Parents, especially moms, share everything with their kids. Their time, their sanity, heck, between pregnancy and nursing, a mom has shared her actual body with another person for yearS, plural. You know what we don’t want to share? Our food. 

Enter a classic parenting lie: It’s spicy.

Early on, the spicy lie works for just about any food, because your kids are too young to realize that chocolate and sweets are delicious and definitely NOT spicy. 

As your kids age, well, that’s no longer the case and you have to reserve the spicy lie for foods your kids aren’t so familiar with. Sometimes I also use “It’s hot” because at least two of my kids are big wimps when it comes to food temperature. 

A parent’s got to do what a parent’s got to do! 

Not all lies parents tell their kids are harmful. Some are just plain hilarious and helpful.

Now look, I’m not suggesting you dodge every hard question your child sends your way, nor do I think lying should be a way of life. Still, you have to admit, sometimes a well-placed lie from parent to child is just what the doctor ordered.

Lately, I’ve been telling this one a lot: “Mom’s just know. They get special powers when they become moms that just help them to know.”

My kids are constantly wondering how I know when they’ve done something wrong or told a lie. I’ve been using the moms-just-know explanation because first of all, it is at least a little bit true. Motherly instincts are legit.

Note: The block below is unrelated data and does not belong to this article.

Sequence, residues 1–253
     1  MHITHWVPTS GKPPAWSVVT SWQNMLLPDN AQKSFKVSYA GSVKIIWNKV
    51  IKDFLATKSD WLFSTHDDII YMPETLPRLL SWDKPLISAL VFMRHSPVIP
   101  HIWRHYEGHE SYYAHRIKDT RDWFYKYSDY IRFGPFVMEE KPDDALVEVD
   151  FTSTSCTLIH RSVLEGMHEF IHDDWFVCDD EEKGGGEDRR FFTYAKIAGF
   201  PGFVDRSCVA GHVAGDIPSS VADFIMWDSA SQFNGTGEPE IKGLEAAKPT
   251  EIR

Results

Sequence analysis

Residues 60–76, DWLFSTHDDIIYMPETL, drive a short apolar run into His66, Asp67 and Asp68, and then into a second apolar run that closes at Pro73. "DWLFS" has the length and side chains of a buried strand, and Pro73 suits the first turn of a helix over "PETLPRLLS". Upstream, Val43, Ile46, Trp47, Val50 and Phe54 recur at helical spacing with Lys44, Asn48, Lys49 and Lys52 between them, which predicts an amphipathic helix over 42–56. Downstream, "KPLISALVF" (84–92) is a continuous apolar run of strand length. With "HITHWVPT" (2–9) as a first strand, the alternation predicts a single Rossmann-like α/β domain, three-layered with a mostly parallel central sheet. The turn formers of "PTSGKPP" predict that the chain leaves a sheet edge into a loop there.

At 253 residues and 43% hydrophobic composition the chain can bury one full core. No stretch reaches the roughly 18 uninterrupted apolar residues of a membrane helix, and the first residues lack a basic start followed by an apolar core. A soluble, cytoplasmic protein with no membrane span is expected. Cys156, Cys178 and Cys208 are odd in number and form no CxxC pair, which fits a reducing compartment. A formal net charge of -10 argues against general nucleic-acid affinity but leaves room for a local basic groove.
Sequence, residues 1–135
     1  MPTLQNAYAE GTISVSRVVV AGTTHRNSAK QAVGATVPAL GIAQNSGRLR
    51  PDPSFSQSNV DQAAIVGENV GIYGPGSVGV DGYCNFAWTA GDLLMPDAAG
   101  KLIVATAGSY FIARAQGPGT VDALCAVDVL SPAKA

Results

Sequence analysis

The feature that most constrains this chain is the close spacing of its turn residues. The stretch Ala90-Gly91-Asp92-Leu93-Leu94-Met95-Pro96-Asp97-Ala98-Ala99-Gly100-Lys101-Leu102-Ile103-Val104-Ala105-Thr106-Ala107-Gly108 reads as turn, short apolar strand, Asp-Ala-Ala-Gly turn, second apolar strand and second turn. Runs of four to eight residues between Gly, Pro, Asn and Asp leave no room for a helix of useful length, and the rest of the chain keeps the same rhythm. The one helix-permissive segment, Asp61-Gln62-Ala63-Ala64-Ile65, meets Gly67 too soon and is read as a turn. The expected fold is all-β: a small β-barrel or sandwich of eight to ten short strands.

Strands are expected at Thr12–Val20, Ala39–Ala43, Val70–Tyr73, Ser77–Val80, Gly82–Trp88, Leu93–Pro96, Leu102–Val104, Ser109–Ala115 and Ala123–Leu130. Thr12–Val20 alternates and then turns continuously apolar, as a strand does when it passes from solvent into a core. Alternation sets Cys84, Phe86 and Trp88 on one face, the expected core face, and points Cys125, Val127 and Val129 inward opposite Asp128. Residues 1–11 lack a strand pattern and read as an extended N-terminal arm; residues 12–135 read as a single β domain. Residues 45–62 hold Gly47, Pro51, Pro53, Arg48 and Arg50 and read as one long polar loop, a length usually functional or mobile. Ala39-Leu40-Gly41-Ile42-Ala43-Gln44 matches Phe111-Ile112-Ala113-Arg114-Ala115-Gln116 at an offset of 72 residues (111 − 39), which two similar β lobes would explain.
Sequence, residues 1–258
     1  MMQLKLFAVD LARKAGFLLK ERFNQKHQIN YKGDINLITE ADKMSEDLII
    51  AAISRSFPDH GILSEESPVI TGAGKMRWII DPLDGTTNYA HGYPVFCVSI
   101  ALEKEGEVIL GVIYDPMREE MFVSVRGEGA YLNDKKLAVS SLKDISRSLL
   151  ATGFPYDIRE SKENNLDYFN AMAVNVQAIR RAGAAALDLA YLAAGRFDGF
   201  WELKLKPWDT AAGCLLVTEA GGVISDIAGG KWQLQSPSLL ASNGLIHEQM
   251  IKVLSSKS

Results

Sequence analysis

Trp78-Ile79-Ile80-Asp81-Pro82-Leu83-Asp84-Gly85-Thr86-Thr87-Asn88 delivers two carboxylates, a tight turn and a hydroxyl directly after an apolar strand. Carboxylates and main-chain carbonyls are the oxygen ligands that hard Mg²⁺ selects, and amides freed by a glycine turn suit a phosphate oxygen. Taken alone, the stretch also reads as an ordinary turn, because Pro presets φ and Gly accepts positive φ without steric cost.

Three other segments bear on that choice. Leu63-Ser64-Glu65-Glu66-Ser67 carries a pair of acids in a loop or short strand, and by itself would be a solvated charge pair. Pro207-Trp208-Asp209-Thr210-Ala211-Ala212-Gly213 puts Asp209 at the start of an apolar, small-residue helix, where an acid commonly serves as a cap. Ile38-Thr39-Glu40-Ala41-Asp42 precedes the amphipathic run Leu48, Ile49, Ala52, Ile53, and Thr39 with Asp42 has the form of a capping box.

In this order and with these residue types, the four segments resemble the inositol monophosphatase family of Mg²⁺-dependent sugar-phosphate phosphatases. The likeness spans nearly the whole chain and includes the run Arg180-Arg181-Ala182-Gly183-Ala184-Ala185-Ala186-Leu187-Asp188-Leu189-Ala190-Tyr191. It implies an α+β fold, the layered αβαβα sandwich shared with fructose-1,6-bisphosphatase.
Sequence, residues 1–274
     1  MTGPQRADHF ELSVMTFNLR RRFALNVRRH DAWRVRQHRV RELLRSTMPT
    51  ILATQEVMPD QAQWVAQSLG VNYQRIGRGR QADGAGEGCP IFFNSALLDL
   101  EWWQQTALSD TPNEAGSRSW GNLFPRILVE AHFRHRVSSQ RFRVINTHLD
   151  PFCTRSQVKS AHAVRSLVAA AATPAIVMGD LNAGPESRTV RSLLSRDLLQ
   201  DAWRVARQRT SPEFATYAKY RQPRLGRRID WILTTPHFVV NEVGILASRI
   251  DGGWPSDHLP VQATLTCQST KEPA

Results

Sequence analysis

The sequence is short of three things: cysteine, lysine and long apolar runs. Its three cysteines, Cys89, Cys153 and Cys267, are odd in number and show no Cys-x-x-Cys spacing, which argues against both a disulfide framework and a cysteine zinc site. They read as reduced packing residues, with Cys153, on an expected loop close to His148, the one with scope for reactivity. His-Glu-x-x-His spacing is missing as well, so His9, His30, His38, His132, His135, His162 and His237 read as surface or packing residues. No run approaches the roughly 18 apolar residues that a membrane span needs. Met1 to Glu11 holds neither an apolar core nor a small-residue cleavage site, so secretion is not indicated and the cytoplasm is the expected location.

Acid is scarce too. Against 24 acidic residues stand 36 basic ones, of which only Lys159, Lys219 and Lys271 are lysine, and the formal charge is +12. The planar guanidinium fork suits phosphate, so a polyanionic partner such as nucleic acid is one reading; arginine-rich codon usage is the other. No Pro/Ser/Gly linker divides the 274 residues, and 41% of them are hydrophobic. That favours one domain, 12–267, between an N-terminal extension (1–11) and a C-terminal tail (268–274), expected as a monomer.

But more than anything, I just don’t want to explain to my child that I know he’s lying because he’s a terrible liar. When you mumble, stumble, stare at your feet, and change your story 42 times in four long, run-on sentences, the jig is up. Similarly, when they say they brushed their teeth, but the bathroom isn’t completely covered in water and toothpaste, once again, I know that’s a lie. 

Of course, there are other helpful lies parents use to get through the day. Those include…

That looks great!

No. It doesn’t look great. Your child has gone through 400 sheets of paper today and drawn an unrecognizable stick figure on each of them. Of course, you’re praising their efforts like a supportive parent should, but that also requires some lying.

I’d love to hear more about that!

No. You definitely wouldn’t. You love your child dearly, but having to listen to them explain the elaborate world they’ve created in Minecraft feels like it could actually murder you with boredom. This is the type of lie parents have to tell their kids multiple times per day for many years. Then, your kids grow to be teenagers who no longer want to talk much with you and suddenly, you really DO want to hear more about that (oh my, how the tables turn…)

Playing Star Wars/Pokémon/Hatchimals/Whatever God-foresaken toy is popular right now is so much fun!

You get the idea.

And don’t worry — it’s not just lies that parents tell their kids. There’s also the lies parents tell themselves. Here’s just a few from that smorgasboard: 

He’ll sleep better tonight. 

I’ll go to the gym tomorrow.

I’m going to move that laundry from the washing machine to the dryer before it gets all musty and gross.

The fact is, lying is an essential element of parenthood. It’s basically required to survive the circus show you’re living in daily, so don’t feel bad about it — laugh about it!